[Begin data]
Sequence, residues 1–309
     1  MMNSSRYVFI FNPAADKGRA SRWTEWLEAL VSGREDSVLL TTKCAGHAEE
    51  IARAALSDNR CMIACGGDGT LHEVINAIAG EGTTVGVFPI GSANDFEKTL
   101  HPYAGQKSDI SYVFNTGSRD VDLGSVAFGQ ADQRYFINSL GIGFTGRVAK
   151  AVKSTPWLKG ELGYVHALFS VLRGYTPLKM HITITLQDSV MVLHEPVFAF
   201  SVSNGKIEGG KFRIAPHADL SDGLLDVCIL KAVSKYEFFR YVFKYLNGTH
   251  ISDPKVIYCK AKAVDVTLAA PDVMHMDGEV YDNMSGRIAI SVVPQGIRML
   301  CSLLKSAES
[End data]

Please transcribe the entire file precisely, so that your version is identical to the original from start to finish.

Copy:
Sequence, residues 1–309
     1  MMNSSRYVFI FNPAADKGRA SRWTEWLEAL VSGREDSVLL TTKCAGHAEE
    51  IARAALSDNR CMIACGGDGT LHEVINAIAG EGTTVGVFPI GSANDFEKTL
   101  HPYAGQKSDI SYVFNTGSRD VDLGSVAFGQ ADQRYFINSL GIGFTGRVAK
   151  AVKSTPWLKG ELGYVHALFS VLRGYTPLKM HITITLQDSV MVLHEPVFAF
   201  SVSNGKIEGG KFRIAPHADL SDGLLDVCIL KAVSKYEFFR YVFKYLNGTH
   251  ISDPKVIYCK AKAVDVTLAA PDVMHMDGEV YDNMSGRIAI SVVPQGIRML
   301  CSLLKSAES